The Forward website quotes one reader Eric Leibman, who presents the broader picture this way: “The reality is that the mass production of meat for mass consumption is a very grim and unhappy business indeed. Its working conditions are always far from pleasant and improve only marginally at best. The central fact of the situation is this: Meat production in America depends largely on illegal aliens who are badly treated in operations much like the author describes in plants all across the country. If you clean up the plants, you drive up the price...big time…And by the way, even if the accusations against Agriprocessors are true, another sad reality is this: The people who put the meat on your table nationwide are most likely far more brutally and inhumanely treated at numerous other plants across the country than they are at Agriprocessors. Don't think you've found a unique situation here, if, indeed, the facts as alleged in the article turn out to be true.”
Mr. Liebman’s points are illustrated in a few examples that only further reinforce the vendetta against Agri. For example, the Forward headline is “Kosher Slaughterhouse Hit With Lawsuits” (by a group of Agri employees). But nowhere in the article does Mr. Popper mention that similar lawsuits are routinely filed against other meat packing plants, including giant Tyson Foods in February by employees at plants in Denison and Storm Lake. The Forward quotes lead counsel on the lawsuit in Iowa, Brian McCafferty, as saying that “workers at AgriProcessors are not being paid for anything other than the time that the production lines are moving. But local Iowa papers reporting the story noted “Agriprocessors follows a policy used widely in the meat packing industry known as "gang time" or "line time," and employees are paid only for hours spent on the production line.
Sources told KosherToday that much of the labor problems at Agri stem from its ongoing battle with the United Food and Commercial Workers, who have been trying to organize plant workers for about eight months. Indeed, sources say that much of the news of the labor discontent appears to come from Union officials. Mr. Popper credits the Forward for stirring up the trouble, as he noted: “Working conditions at the AgriProcessors slaughterhouse have been under scrutiny in the past year, after an article in the Forward detailed worker complaints. Since then, the company has been the subject of an investigation by rabbis affiliated with the Conservative synagogue movement. During these inquiries workers at the plant were generally hesitant to speak publicly about their concerns, but this appears to be changing.” The Forward story was subsequently the subject of several other newspapers, including a New York Times religion column on Saturday May 19th (which also quoted KosherToday’s previous reportage of events).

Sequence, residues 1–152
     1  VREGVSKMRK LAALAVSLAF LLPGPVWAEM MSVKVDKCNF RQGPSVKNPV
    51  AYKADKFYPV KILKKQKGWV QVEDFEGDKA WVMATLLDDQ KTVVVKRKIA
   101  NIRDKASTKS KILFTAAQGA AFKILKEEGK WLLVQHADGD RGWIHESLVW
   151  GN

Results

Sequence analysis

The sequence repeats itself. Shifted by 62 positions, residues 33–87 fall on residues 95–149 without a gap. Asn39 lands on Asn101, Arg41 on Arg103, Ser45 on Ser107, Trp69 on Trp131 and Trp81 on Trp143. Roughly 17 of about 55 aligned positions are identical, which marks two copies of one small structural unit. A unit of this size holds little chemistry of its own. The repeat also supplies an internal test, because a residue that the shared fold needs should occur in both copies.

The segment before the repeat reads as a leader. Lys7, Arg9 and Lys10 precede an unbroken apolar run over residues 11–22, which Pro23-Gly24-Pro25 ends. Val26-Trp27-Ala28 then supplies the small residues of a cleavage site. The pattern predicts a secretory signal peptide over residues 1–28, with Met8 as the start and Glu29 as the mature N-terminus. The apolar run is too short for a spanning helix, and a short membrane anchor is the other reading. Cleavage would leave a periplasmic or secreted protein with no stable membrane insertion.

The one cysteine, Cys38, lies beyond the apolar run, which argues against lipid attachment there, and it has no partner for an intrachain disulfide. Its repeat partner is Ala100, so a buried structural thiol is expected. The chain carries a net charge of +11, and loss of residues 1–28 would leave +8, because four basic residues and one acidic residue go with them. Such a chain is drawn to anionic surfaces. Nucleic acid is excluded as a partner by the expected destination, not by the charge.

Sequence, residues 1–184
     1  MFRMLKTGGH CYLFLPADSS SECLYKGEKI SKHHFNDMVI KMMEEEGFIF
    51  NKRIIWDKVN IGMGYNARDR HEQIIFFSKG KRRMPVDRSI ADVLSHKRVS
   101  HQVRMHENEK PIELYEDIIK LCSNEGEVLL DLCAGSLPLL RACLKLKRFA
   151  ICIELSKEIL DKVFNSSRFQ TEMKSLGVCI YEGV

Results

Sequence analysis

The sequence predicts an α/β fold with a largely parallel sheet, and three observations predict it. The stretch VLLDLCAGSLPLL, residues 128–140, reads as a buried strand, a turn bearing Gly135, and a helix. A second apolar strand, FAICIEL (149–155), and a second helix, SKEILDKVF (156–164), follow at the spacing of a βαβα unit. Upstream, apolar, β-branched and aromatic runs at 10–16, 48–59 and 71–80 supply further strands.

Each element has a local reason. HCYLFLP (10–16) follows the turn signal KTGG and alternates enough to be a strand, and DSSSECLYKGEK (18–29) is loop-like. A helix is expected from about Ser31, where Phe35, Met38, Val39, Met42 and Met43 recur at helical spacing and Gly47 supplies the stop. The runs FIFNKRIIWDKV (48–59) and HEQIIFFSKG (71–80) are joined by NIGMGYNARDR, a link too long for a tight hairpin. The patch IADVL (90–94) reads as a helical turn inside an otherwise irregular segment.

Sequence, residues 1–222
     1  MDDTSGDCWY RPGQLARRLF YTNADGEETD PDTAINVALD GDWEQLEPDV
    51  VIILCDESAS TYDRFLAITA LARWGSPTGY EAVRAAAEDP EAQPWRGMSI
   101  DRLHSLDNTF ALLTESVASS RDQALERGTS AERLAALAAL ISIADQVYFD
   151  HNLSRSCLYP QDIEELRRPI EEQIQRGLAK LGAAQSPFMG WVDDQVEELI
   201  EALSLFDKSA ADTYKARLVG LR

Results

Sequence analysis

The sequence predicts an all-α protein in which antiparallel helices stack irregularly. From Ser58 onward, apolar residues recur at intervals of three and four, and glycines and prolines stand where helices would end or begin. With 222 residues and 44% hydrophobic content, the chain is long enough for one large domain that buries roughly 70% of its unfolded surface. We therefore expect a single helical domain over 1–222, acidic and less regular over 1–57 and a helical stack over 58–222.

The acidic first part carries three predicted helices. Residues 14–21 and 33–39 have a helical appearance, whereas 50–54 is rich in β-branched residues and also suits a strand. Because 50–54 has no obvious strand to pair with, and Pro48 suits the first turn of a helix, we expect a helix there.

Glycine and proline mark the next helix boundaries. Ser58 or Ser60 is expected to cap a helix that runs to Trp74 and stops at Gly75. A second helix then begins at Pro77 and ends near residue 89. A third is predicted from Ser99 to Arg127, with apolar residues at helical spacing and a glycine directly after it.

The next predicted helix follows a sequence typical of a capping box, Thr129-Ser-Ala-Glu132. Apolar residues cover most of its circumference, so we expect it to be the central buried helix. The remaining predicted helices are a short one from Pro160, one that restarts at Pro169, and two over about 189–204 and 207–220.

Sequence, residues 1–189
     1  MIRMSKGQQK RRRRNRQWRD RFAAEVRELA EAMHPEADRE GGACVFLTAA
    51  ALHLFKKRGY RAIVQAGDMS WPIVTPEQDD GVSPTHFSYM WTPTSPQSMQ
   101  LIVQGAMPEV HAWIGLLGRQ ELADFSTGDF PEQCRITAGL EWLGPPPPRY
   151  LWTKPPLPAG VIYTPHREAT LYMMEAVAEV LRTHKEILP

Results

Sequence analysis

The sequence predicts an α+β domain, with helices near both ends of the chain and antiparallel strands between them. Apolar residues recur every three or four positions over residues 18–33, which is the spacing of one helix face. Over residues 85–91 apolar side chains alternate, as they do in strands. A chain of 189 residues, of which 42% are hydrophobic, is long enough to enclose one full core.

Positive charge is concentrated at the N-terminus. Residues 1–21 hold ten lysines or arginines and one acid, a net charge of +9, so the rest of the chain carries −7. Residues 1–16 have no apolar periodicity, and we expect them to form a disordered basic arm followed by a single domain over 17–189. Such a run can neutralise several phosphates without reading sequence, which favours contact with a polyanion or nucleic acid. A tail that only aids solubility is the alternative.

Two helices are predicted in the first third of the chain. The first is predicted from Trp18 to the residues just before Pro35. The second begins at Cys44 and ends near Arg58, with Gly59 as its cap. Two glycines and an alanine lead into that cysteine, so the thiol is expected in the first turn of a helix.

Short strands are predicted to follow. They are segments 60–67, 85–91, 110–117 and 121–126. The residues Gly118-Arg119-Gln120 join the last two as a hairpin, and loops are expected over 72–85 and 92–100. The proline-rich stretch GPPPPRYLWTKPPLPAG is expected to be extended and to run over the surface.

The Forward has a long history of championing causes for immigrants and laborers. Many Jewish immigrants labeled the daily as a “leftist paper” and preferred such competing Yiddish dailies as Der Tag and the Morning Journal, which later merged. Their views of the Forward were reinforced by its flamboyant founding editor Abraham Cahan who routinely advised immigrants in the early 1900’s in his “A Bintele Brief” column to reject the mores of the shtetl in favor of the “new world,” which frequently meant shirking their religion, leaving family behind in Eastern Europe and working on the Shabbat. The Forward itself says: “The Forward family of newspapers continues to carry on the founding vision of Abraham Cahan, serving together as the voice of the American Jew and the conscience of the community.” Ironically, this week the Forward announced that it would renew Cahan’s “A Bintele Brief” column, this time by renowned sex therapist Dr. Ruth Westheimer.
Here is the whole issue as a PDF file: